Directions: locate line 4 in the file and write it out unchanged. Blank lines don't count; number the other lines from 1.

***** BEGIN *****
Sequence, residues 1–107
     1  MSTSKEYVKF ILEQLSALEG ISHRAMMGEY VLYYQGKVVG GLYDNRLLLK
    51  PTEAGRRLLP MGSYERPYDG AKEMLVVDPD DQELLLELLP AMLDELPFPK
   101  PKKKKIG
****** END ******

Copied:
   101  PKKKKIG